- Double check your storage and network situation. Storage and networking are usually the biggest obstacles in the virtualized environment. So, make sure you have the correct connectivity and adequate storage for the entire inventory of machines to be virtualized.
- Ensure support from any vendors. Certain software and system vendors do not support virtualized environments. So be sure that you are not putting your organization in an undesired state.
Many organizations have decided to have all virtual machines exhibit a nomenclature that, at least to the server administrator, indicates that the system is a virtual machine. During the P2V process, you are poised with an interesting decision point. Depending on your server nomenclature, the standard may be to indicate in the server name that there is an element indicating the virtual placement.
If your organization has a nomenclature that indicates a virtual presence, you are positioned in a unique situation to determine what is the correct nomenclature to use when proceed during a virtual migration environment. Admittedly, the easy choice is to maintain the exact system name during the migration process. When the same name is maintained during the migration process, the transition can be transparent to all relevant connections to the system. This is, of course, assuming all connectivity is maintained. This makes conversion quite easy, but you should consider the extra effort to convert the newly created guest OS to the new system nomenclature.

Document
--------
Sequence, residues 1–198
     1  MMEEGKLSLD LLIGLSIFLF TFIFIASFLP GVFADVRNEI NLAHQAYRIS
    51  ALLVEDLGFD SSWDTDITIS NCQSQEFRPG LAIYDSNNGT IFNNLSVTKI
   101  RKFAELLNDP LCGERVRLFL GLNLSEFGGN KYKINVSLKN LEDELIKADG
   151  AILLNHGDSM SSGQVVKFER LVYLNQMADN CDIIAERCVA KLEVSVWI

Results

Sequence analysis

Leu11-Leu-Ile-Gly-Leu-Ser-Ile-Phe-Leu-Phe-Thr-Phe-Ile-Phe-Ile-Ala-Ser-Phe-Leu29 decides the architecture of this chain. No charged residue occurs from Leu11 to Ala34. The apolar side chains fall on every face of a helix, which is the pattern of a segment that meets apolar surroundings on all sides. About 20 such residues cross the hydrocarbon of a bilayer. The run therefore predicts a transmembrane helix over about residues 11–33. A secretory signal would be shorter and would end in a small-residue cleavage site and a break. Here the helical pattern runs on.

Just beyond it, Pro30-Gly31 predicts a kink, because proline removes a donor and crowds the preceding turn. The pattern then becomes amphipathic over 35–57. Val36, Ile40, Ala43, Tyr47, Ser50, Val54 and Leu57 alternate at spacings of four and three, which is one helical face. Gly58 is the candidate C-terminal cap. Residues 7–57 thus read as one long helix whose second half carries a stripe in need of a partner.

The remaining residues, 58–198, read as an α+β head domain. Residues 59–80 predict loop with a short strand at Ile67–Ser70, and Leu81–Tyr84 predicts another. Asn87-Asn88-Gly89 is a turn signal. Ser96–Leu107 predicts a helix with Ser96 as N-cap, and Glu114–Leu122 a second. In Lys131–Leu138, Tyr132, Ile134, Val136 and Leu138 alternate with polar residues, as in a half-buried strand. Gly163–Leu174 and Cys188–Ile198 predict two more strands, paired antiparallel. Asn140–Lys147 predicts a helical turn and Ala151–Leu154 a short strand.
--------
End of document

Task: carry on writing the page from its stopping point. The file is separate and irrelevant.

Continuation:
It is too easy in the chaos of a virtualization blitz to end up with more instances of your operating system than you started with in the project. Be sure to make sure the original system that was migrated to the virtual environment is not repurposed, but retired. After migration, you do not want to find out that the original system that was migrated to the virtual environment still exists as a physical system for another purpose. One easy way to manage the migration process so that you don't over step the licensing boundaries is to limit your TCP/IP addresses that are available for your virtual hosts, this doesn't enforce duplicate licensing situations, however. This is one area where the follow-through of your virtualization project is critically important to maintain your licensing compliance.